also mould, "furry fungus," early 15c., probably from moulde, past participle of moulen "to grow moldy" (early 13c.), related to Old Norse mygla "grow moldy," possibly from Proto-Germanic *(s)muk- indicating "wetness, slipperiness," from PIE *meug- (see mucus). Or it might have evolved from (or been influenced by) Old English molde "loose earth" (see mold (n.3)).

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n.3

also mould, "loose earth," Old English molde "earth, sand, dust, soil; land, country, world," from Proto-Germanic *mulda (cf. Old Frisian molde "earth, soil," Old Norse mold "earth," Middle Dutch moude, Dutch moude, Old High German molta "dust, earth," Gothic mulda "dust"), from PIE root *mele- "to rub, grind" (see meal (n.2)). Specifically, since late (Christian) Old English, "the earth of the grave."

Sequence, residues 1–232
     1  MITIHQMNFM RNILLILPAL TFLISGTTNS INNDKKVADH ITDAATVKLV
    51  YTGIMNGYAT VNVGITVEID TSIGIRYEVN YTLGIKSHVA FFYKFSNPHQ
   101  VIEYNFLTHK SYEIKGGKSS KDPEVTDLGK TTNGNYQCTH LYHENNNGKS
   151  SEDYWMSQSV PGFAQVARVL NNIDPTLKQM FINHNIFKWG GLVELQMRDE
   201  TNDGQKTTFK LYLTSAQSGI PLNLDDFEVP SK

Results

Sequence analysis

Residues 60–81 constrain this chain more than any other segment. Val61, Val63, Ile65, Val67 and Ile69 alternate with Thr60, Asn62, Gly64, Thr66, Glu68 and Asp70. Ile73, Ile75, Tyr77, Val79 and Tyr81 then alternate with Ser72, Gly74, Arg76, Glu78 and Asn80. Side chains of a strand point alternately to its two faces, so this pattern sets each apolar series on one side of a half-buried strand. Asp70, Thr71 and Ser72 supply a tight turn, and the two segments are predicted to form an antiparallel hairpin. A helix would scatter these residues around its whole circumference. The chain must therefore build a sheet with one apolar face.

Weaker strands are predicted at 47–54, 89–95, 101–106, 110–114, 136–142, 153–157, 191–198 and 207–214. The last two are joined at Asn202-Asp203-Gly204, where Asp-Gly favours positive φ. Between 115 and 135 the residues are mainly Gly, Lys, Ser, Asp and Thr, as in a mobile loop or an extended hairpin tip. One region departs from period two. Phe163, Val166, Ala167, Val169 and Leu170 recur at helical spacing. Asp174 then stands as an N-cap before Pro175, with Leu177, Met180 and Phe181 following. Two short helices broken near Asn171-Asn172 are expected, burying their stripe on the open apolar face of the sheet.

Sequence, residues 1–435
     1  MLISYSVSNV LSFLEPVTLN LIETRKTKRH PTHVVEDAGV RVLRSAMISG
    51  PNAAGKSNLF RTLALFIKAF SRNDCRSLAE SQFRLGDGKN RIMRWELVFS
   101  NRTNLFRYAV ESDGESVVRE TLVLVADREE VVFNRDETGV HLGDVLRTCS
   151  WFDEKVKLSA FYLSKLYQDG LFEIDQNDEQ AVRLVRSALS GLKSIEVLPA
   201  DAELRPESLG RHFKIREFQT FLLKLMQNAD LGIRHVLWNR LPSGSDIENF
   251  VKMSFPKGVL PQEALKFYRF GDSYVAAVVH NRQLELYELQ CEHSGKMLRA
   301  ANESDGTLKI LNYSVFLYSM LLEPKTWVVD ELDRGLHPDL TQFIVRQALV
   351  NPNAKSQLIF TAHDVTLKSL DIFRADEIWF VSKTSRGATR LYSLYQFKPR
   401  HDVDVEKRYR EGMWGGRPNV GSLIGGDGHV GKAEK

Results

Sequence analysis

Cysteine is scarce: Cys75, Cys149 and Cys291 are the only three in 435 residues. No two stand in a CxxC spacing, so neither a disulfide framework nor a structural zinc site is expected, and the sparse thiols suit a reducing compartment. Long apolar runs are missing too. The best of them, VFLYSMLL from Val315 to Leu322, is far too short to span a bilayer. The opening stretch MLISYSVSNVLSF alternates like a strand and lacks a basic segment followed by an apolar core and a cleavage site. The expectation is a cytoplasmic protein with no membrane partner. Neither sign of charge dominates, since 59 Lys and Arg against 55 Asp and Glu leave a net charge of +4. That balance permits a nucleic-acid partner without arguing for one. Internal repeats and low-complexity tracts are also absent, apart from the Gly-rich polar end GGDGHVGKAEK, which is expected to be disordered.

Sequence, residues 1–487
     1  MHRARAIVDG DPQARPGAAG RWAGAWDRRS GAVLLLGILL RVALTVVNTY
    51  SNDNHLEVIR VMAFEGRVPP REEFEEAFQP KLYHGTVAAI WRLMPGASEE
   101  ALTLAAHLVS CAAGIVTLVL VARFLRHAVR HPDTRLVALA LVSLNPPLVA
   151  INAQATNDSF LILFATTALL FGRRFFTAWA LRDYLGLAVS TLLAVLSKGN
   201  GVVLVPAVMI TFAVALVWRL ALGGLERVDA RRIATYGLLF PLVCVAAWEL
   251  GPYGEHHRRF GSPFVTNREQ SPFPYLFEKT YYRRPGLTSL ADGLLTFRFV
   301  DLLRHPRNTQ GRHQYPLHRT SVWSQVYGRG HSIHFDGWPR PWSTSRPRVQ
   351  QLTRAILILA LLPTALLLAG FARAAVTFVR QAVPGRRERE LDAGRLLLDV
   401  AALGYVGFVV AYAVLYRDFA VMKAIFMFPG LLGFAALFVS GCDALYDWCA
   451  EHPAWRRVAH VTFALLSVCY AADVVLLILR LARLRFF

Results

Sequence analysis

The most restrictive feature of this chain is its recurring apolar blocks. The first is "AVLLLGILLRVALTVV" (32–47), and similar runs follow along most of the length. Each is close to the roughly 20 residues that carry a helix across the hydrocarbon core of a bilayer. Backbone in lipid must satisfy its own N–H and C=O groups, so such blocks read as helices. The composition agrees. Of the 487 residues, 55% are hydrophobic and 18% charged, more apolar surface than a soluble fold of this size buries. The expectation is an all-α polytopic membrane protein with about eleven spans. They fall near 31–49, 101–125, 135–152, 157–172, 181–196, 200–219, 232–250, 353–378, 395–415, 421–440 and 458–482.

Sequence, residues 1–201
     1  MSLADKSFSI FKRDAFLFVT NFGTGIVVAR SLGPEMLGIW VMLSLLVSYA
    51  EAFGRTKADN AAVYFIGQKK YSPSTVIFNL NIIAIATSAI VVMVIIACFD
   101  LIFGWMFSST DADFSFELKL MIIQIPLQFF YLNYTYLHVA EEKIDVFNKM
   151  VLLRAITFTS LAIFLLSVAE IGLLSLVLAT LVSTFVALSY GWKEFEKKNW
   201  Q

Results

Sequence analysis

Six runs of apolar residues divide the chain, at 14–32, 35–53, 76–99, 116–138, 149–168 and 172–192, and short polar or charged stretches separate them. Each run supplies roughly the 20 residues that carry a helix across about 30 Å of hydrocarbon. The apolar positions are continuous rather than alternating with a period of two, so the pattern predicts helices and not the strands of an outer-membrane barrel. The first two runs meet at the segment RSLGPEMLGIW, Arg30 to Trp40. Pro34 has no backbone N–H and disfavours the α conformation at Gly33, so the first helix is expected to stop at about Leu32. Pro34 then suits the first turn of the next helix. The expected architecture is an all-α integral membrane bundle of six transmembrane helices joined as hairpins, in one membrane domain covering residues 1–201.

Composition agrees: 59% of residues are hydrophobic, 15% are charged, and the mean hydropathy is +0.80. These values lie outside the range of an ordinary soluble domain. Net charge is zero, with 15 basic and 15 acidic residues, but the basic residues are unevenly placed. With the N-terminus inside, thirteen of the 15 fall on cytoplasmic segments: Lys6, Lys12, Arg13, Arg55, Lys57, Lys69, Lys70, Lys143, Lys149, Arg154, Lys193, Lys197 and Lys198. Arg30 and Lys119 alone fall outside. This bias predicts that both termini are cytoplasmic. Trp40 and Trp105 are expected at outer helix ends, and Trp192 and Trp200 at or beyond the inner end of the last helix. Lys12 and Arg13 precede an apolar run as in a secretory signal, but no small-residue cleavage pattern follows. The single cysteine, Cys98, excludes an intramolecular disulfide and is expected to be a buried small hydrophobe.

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v.

also mould, mid-14c., "to mix, blend;" late 14c. "to knead, shape," from mold (n.1). Figurative sense (of character, etc.) is from c.1600. Related: Molded; molding.

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Online Etymology Dictionary, © 2010 Douglas Harper

mold in Science

mold

[mōld]
  1. Any of various fungi that often form a fuzzy growth (called a mycelium) on the surface of organic matter. Some molds cause food to spoil, but others are beneficial, such as those used to make certain cheeses and those from which antibiotics like penicillin are developed. The molds do not form a distinct phylogenetic grouping but belong to various phyla including the ascomycetes and the zygomycetes. See also slime mold.
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The American Heritage® Science Dictionary Copyright © 2011. Published by Houghton Mifflin Harcourt Publishing Company. All rights reserved.

Idioms and Phrases with mold

mold

see cast in the same mold.

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The American Heritage® Idioms Dictionary Copyright © 2002, 2001, 1995 by Houghton Mifflin Harcourt Publishing Company. Published by Houghton Mifflin Harcourt Publishing Company.